I had a college friend who hated her straight black Asian hair. I think of her often because of my daughter, Megan.
Megan has gorgeous hair like my friend did. She doesn’t like it though. She wants curly hair.
When she starts complaining about it I tell her to repeat five times, “I love my straight thick shiny black hair.”
When we’re obsessed with changing something about ourselves we detest, it distracts us from what’s important, puts us on all sorts of rabbit hunts that waste our energy, and hinders us from realizing what we do have.
I am going to admit something:
I’ve always wanted princess hair. You know, the kind that flows down the princess’s back, is wavy, thick and shiny. It looks like spun gold.
When I was 5, I threw a coin into a fountain wishing for long blond hair and blue eyes. I had a cousin who had these traits. I would see her and sigh inside knowing I could never be pretty with my straight fine brown hair and odd-colored eyes.
I wish I could go back and tell that little girl that she’s pretty and that her hair is exactly the way God wanted it to be. I look at pictures of me as a little girl and I was adorable. I just never knew it.
I cried many tears over my fine hair over the years. I got perms when I was in junior high and high school. In college I wore banana clips and ratted my hair so it looked big. And I have no idea how much money I wasted on all the products that promised me thick luxurious hair.
Fast forward to age 43. Even now, if I suddenly grew princess hair I’d let it grow to Rapunzel-like proportions.
This isn’t going to happen.
Another admission: I have a ratty old sweater I wear daily.
It’s a dark grey cardigan that reaches my knees. It has a couple of holes, but it used to have more. I patched them.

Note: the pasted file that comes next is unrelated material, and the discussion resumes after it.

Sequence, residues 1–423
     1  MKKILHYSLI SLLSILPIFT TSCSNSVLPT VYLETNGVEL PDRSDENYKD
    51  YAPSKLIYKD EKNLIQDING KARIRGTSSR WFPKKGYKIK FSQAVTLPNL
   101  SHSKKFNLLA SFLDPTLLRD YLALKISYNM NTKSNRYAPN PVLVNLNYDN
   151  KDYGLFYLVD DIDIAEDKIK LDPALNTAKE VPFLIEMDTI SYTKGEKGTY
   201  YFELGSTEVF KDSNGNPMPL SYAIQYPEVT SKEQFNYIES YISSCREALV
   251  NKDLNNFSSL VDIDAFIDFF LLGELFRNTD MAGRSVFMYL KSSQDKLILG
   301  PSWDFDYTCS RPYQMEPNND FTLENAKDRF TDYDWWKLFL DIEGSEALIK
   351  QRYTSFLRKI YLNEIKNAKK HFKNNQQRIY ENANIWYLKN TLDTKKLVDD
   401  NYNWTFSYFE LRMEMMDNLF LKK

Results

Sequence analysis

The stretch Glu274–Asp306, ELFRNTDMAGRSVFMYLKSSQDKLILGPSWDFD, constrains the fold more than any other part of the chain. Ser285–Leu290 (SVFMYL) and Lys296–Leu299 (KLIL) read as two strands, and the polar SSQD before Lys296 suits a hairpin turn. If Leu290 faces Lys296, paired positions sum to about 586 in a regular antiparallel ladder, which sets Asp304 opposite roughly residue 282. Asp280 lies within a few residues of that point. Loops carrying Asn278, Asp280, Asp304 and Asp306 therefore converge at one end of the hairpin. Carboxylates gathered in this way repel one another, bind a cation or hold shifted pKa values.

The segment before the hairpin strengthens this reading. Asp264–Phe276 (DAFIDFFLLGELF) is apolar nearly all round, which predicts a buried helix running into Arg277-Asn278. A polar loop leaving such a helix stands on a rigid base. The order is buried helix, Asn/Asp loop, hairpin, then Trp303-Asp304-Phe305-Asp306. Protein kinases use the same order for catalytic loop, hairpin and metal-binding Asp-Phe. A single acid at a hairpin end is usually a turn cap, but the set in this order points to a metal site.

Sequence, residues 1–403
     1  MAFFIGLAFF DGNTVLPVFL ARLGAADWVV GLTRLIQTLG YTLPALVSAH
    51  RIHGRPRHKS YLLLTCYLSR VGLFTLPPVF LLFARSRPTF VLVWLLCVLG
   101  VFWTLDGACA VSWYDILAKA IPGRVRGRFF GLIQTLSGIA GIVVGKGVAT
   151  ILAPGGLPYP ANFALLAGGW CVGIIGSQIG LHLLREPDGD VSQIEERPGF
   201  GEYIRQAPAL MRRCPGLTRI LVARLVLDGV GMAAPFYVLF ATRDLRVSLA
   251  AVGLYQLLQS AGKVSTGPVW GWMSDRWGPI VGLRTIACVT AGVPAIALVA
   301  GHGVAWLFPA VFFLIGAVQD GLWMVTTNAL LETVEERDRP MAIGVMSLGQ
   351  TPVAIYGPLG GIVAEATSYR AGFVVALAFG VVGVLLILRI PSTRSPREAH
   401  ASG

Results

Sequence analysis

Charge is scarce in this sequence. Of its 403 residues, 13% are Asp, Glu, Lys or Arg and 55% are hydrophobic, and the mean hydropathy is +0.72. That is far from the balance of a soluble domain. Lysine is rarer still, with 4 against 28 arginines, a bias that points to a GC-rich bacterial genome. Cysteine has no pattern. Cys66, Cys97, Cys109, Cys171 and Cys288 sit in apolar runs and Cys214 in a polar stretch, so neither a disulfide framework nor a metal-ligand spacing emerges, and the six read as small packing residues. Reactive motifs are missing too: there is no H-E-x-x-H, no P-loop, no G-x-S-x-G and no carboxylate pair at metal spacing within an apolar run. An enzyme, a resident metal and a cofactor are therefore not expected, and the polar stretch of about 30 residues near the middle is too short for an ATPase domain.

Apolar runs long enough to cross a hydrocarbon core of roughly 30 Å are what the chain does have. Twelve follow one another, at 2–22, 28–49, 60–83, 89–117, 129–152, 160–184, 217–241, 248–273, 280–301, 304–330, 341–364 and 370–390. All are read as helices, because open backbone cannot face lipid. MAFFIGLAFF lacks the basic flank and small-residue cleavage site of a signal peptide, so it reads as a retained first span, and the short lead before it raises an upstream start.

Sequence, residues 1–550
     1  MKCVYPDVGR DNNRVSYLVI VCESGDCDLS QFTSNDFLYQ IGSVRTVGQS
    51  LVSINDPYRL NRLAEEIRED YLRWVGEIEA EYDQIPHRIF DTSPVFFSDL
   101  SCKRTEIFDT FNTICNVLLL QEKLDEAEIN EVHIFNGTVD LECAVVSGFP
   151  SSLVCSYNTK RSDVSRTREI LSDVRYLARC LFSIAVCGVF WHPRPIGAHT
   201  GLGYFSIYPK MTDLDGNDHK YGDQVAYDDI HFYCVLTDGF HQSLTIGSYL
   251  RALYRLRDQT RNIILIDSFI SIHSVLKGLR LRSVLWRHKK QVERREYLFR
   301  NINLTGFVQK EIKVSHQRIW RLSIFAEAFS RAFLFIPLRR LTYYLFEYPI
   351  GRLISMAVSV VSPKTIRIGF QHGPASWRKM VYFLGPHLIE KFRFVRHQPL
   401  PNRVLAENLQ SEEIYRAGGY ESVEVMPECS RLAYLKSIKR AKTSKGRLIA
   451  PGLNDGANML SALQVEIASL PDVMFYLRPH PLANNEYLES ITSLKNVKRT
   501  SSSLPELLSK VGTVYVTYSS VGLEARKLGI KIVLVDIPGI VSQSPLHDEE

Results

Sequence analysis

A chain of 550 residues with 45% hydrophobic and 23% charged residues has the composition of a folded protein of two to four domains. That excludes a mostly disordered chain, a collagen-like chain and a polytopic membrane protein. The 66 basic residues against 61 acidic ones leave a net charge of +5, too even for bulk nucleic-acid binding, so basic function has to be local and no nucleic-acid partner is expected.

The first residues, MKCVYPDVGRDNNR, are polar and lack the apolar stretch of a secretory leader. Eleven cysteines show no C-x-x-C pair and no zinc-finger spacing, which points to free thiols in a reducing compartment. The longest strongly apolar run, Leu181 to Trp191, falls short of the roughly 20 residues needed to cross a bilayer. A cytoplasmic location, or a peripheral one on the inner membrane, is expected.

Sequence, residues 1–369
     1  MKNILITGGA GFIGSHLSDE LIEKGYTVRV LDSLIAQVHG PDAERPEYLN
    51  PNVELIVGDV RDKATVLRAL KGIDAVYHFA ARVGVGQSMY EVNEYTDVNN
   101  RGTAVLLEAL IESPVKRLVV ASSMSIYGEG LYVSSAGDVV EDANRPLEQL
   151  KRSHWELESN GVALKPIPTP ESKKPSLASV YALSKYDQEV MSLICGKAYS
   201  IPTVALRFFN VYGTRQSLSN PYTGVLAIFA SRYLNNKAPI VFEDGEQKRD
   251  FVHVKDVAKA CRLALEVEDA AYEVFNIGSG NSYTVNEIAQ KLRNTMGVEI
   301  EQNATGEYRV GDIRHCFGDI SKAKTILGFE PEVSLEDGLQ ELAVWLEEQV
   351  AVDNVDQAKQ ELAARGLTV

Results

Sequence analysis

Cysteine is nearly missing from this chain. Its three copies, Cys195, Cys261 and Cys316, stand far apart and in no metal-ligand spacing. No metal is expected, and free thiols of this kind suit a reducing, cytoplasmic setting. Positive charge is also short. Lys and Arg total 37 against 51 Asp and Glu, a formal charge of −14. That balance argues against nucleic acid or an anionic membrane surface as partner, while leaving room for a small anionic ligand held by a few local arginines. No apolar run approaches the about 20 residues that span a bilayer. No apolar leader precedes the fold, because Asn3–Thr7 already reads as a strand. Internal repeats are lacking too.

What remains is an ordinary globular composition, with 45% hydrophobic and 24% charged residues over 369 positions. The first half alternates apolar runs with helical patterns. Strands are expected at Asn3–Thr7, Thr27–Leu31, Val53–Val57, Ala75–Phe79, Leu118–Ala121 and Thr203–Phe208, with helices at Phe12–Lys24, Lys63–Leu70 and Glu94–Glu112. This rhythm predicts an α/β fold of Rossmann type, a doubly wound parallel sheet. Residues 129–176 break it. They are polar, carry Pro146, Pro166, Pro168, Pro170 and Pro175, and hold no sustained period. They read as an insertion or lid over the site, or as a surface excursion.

My oldest daughter hates it. She walks about two feet behind me when we’re in public.
Why do I like it?
It’s comfortable and warm. It can serve as a blanket. It goes well with my jeans. And it reminds me of someone I knew from a TV show who always wore long coats. She was cool. And I feel kind of groovy wearing my long mysterious sweater.
Yet another admission: appearance is important (but not in the way many mean when they say this).
We have to like the way we look. Whatever that means to you, it needs to happen for you to be confident in who God made you to be.
There is power in being content within. You can get past yourself.
Sunday I took my daughter’s cell phone to Samuel the phone guy. He worked miracles.
My daughter left with a working phone. He was fun to be around because he was confident in what he was doing and really wanted to solve our problem.
So much of the junk we humans get caught up in when dealing with other humans falls off when we are content and confident. We have nothing to prove. We can just help others with the skills and talents we have.
If content and confident don’t describe you, you need to get these qualities. You owe it to yourself and others.
(By the way, for the sake of my family I’m searching for a replacement sweater.)
Please check out Jane’s blog at http://JaneHinrichs.weebly.com.